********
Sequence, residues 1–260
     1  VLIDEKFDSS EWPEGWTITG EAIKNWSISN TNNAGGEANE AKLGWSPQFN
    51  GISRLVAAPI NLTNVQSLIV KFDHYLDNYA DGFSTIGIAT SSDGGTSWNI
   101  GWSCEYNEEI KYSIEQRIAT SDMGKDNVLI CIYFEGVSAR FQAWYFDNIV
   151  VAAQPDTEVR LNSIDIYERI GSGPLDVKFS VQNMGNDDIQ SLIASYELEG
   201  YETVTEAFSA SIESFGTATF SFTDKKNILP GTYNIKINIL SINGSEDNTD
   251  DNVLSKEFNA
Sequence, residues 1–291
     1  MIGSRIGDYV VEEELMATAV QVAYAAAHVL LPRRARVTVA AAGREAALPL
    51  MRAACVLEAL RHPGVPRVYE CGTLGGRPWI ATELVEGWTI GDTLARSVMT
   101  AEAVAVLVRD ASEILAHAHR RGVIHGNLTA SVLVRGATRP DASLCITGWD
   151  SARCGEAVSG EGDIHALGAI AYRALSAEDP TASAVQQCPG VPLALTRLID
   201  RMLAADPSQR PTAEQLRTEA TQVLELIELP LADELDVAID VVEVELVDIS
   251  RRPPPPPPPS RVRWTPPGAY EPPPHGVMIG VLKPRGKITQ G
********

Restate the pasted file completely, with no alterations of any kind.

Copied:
Sequence, residues 1–260
     1  VLIDEKFDSS EWPEGWTITG EAIKNWSISN TNNAGGEANE AKLGWSPQFN
    51  GISRLVAAPI NLTNVQSLIV KFDHYLDNYA DGFSTIGIAT SSDGGTSWNI
   101  GWSCEYNEEI KYSIEQRIAT SDMGKDNVLI CIYFEGVSAR FQAWYFDNIV
   151  VAAQPDTEVR LNSIDIYERI GSGPLDVKFS VQNMGNDDIQ SLIASYELEG
   201  YETVTEAFSA SIESFGTATF SFTDKKNILP GTYNIKINIL SINGSEDNTD
   251  DNVLSKEFNA
Sequence, residues 1–291
     1  MIGSRIGDYV VEEELMATAV QVAYAAAHVL LPRRARVTVA AAGREAALPL
    51  MRAACVLEAL RHPGVPRVYE CGTLGGRPWI ATELVEGWTI GDTLARSVMT
   101  AEAVAVLVRD ASEILAHAHR RGVIHGNLTA SVLVRGATRP DASLCITGWD
   151  SARCGEAVSG EGDIHALGAI AYRALSAEDP TASAVQQCPG VPLALTRLID
   201  RMLAADPSQR PTAEQLRTEA TQVLELIELP LADELDVAID VVEVELVDIS
   251  RRPPPPPPPS RVRWTPPGAY EPPPHGVMIG VLKPRGKITQ G